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Old 11-11-2010, 10:53 PM   #36
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Quote:
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How can I not be fully extending the droop? Doing it your method so that the shock bottoms out before the tire means the shock will be shortened than what I have now, since I do not bottom out at all, given my current ride height, spring rate and tire compound (180 TW RE11).

What helpers do, is use up the extra space, say that aforementioned 1" for which the helper is used. The helper is a dead spring, meant to keep the spring seated and it is using 1" of shock travel before the main coil is doing anything. What am I missing here so that it doesn't use up (waste) shock travel in your method?
The helper spring just moves the main spring down by the compressed solid height of the helper and spacer. A few turns of the collar and you're back where you started.

Meanwhile...

If you're not bottoming out and you're not rubbing... then your shocks are either adjusted perfectly or too short (giving up droop travel). All the adjustment method I put up there does is prevent you from cutting up your tire while maximizing the upward movement of the suspension (bump travel).

"Too short" could simply mean your suspension doesn't compress enough to hit the bumpstop or the tire. A zip tie will tell you in one lap.
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Old 11-12-2010, 09:38 AM   #37
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I dont understand the "zip tie" - does it go on your damper rod above the bumpstop and move up as the suspension compresses so that you can tell if you have maxed out your suspension travel (by finding if the zip tie has moved up to the upper mount after a lap or two)?
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Old 11-12-2010, 09:51 AM   #38
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Below the bump on the shaft to determine the spot where the shock body pushes it. If he's coil binding, the zip tie will end up below the bumpstop, with a gap between. If he's hitting the bump it will be snug up against it.


here's the problem I had with ISC racing tophats (similar to the design he's using on his Stance).



konis have short bodies. with the car's weight, the 8" springs compress down to 5.5". So when I'm sitting at a ride height of 12.5" in the rear, you can also see there's a huge amount of shock travel you can compress.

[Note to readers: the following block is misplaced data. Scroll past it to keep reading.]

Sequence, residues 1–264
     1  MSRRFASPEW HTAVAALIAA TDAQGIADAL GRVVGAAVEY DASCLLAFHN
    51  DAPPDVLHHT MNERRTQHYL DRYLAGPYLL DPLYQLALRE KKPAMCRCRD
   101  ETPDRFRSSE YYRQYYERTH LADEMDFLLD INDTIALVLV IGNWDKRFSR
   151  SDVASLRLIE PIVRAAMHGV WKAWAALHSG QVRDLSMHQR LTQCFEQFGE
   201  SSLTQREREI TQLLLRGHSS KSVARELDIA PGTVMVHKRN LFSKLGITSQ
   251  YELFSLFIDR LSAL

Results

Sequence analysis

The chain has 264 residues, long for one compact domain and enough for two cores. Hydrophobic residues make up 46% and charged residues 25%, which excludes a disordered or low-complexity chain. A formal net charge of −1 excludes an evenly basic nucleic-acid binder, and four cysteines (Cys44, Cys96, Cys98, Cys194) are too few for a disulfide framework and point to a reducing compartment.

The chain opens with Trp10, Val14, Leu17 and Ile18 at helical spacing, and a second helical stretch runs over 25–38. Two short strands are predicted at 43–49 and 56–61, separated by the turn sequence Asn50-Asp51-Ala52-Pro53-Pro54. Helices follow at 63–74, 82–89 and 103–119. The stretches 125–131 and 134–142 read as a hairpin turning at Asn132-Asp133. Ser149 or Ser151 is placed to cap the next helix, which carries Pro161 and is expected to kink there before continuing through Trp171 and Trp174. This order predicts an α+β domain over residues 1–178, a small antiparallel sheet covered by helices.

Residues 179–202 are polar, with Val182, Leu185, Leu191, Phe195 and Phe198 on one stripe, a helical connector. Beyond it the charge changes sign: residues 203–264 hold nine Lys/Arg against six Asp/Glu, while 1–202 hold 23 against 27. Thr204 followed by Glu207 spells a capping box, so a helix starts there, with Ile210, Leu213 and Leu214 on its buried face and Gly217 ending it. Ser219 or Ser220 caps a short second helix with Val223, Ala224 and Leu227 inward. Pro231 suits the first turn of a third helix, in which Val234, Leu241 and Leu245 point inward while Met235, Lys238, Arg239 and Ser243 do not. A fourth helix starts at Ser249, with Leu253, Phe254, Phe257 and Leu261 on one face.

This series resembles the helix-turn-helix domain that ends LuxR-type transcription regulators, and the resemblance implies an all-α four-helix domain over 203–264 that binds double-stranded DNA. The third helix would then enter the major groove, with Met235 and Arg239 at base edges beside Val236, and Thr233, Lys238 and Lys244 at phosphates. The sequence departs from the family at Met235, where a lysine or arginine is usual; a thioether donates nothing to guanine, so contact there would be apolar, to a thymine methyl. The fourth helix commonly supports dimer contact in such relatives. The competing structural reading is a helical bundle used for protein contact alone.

Look at Hustlers picture of his rear shock. He has maybe 1.5" before he starts squeezing the bump, however, he has a lot more space between his coils (due to rates). If you look at my picture, I have about 3" of shock travel before the shock body is flush with the mount, hit the bumps, then there's a another 1" of travel beyond that point up into the mount...and I have maybe an 1" of total spring travel. coil bind city.

Notice my perches? I had to move to the lowest perch. With all things equal, the helped position the shock about .75" closer to the bump...still to no avail. And raising the ride height makes it worse, so if I kept those mounts, the only way to fight coil bind would be to ride at 11" or so in the rear.

someone needs to get up under his car and figure out whats hitting first, then we can really help.

Last edited by Braineack; 11-12-2010 at 10:09 AM.
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Old 11-12-2010, 11:25 AM   #39
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Quote:
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have you even looked at his rear mounts?!
Will the shock body fit inside the uppoer mount? I bet it won't, just like my rear FM mounts that don't fit into the mount making me double-up on bump stops. My rear's are Swift springs which are usually a smaller diameter too.
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Old 11-12-2010, 11:29 AM   #40
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i dunno. all i know is short shock bodies plus mounts like that = fail.